Monash University has announced plans to achieve zero carbon emission across its Australian campuses by 2030.

Monash University President and Vice-Chancellor Professor, Margaret Gardner, said Monash supports and promotes the principles of the Sustainable Development Goals through its world-leading research, innovation and education.

“We will strive to ensure our campuses and major programs are environmentally sustainable and socially inclusive, which will include reporting on our activities in support of the goals,” Ms Gardner said.

The Net Zero Initiative will begin with the construction of an on-site microgrid at the Clayton campus in Melbourne to enable the control of when and how power is used, making energy more reliable, efficient and affordable. By 2030 they plan to have turned every practical rooftop and car park into a solar power generator.

The aim by 2020 is:

  • Create an energy innovation ecosystem within the Clayton Innovation Precinct
  • Build Australia’s largest net zero energy building
  • 40 per cent reduction in campus carbon emissions
  • 10 per cent  reduction in non-renewable energy consumption
  • 55 per cent of electricity purchased from renewable sources
  • Develop more than 25 energy-relevant research programs through the Monash Energy Materials and Systems Institute (MEMSI)
  • Advancement of sustainable technology research with industry partners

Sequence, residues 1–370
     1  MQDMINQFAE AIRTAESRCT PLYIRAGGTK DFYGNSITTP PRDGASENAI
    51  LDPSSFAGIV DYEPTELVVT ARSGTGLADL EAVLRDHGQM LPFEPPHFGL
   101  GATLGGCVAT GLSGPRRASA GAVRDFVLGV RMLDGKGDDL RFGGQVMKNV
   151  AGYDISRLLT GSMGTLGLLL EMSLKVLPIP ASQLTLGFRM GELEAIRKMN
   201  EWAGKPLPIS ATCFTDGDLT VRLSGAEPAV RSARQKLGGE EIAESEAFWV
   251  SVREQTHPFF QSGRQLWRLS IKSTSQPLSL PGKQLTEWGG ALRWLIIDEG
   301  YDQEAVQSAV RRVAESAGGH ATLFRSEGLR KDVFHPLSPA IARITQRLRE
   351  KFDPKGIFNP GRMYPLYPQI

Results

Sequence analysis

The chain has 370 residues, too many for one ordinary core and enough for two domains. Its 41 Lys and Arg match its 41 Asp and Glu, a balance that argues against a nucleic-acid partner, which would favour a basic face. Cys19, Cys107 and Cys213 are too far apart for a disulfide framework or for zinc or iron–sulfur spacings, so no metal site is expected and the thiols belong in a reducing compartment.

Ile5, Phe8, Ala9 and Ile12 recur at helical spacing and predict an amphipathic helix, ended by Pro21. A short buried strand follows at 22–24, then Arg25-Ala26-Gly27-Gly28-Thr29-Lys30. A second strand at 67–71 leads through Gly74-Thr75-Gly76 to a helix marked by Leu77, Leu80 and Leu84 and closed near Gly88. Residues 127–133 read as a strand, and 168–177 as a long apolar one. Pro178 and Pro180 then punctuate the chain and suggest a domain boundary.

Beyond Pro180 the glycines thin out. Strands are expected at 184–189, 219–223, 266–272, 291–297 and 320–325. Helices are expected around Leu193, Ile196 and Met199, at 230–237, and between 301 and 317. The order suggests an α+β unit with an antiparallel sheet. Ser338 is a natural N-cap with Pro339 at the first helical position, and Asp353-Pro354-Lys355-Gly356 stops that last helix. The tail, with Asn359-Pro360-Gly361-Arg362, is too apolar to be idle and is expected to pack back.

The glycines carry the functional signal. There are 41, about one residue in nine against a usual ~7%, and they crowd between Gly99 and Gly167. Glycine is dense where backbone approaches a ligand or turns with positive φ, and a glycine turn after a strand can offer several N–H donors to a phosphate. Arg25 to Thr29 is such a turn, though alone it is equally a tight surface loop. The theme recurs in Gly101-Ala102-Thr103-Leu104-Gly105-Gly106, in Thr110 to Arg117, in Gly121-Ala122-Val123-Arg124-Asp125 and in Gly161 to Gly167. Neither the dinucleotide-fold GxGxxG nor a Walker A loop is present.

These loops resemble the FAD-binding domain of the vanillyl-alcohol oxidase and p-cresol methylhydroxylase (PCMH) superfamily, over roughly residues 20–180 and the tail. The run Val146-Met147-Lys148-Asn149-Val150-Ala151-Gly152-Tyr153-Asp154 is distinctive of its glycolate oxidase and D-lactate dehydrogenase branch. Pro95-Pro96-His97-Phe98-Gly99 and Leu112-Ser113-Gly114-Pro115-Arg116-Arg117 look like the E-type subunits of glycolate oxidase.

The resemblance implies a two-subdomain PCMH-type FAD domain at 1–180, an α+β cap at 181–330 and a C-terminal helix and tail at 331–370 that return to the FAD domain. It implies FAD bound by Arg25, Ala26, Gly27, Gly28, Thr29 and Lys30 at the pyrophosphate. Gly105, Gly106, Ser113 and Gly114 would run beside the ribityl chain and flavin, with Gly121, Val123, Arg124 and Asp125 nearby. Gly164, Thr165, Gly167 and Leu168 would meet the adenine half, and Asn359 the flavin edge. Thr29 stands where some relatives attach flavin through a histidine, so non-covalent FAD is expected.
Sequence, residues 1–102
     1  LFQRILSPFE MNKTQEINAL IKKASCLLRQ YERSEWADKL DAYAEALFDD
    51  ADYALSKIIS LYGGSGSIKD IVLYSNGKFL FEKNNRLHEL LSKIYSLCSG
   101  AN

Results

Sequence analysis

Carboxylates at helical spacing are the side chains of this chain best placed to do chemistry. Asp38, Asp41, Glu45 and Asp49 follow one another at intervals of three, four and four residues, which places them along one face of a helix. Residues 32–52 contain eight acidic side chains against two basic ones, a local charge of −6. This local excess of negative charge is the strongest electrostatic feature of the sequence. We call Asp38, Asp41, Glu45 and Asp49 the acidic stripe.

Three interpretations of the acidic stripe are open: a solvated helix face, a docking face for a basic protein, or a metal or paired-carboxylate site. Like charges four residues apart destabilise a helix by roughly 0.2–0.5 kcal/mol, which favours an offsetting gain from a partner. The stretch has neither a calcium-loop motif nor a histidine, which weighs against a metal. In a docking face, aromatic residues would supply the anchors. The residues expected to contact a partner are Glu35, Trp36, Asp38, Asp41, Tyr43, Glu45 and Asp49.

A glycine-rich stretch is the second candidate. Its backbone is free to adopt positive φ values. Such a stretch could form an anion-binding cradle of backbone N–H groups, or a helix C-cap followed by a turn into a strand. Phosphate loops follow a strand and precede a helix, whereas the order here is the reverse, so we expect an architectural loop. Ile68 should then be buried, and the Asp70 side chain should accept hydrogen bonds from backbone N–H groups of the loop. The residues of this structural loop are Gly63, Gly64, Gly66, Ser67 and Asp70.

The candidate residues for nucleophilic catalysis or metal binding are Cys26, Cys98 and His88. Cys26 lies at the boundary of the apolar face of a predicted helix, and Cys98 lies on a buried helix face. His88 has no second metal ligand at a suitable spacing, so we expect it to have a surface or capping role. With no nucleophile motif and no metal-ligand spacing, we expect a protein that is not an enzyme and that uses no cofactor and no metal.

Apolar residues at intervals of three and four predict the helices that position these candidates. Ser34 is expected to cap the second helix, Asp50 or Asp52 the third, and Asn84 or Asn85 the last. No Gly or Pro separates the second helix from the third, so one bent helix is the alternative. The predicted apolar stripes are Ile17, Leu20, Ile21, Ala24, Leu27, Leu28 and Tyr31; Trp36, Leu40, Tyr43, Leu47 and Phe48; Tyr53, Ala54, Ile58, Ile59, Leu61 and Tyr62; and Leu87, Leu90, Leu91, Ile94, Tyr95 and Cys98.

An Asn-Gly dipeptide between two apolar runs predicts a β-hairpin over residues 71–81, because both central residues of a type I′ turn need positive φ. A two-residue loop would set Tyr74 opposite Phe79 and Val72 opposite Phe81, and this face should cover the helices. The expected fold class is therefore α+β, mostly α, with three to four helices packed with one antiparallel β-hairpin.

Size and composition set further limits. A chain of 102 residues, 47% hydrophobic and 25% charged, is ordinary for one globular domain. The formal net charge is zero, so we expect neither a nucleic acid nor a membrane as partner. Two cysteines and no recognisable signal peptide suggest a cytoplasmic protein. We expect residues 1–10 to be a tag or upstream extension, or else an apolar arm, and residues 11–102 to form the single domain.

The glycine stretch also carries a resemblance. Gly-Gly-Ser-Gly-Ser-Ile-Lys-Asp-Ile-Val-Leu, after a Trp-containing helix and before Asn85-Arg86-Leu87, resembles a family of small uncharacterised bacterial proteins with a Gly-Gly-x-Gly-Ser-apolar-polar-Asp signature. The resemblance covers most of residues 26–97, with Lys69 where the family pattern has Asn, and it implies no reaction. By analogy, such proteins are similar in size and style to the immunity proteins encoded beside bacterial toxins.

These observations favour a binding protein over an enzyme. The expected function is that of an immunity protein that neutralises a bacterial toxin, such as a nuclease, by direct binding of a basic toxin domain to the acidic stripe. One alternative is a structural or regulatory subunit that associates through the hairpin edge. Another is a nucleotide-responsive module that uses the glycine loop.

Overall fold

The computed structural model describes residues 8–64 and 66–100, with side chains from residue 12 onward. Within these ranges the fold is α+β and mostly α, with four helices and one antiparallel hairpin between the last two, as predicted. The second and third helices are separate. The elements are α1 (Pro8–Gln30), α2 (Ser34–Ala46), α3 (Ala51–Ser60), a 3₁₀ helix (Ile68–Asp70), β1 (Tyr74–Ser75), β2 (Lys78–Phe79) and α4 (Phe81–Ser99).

• Contribute energy (ancillary services) back to the Victorian energy grid to improve stability and resilience
  • Increase on-site solar energy generation capacity to seven per cent of overall energy usage

By 2030 Monash hopes to:

  • Replace all appliances so they only use electricity
  • Convert all light fittings across our campuses to LED
  • Purchase 100 per cent of energy from renewable sources
  • Achieve Passive House certification for all new buildings
  • Change all heating and hot water plants from gas to electric heat pumps
  • Increase on-site solar energy generation capacity to 5.5 million kilowatts (20 per cent of usage)
  • Control how and when we it uses energy to reduce demand and strain on the network
  • Build Australia’s largest urban solar farm, turning every practical rooftop and carpark on campuses into a solar power generator
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